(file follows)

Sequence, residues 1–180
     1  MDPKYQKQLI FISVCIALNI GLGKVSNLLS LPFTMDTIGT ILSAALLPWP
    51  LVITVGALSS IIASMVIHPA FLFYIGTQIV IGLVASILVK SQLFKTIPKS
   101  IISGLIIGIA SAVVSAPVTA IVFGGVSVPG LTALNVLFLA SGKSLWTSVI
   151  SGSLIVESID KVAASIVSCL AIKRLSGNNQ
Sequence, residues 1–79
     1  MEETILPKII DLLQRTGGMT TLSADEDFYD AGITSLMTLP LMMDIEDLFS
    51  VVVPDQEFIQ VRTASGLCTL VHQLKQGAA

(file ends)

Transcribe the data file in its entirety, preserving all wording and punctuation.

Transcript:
Sequence, residues 1–180
     1  MDPKYQKQLI FISVCIALNI GLGKVSNLLS LPFTMDTIGT ILSAALLPWP
    51  LVITVGALSS IIASMVIHPA FLFYIGTQIV IGLVASILVK SQLFKTIPKS
   101  IISGLIIGIA SAVVSAPVTA IVFGGVSVPG LTALNVLFLA SGKSLWTSVI
   151  SGSLIVESID KVAASIVSCL AIKRLSGNNQ
Sequence, residues 1–79
     1  MEETILPKII DLLQRTGGMT TLSADEDFYD AGITSLMTLP LMMDIEDLFS
    51  VVVPDQEFIQ VRTASGLCTL VHQLKQGAA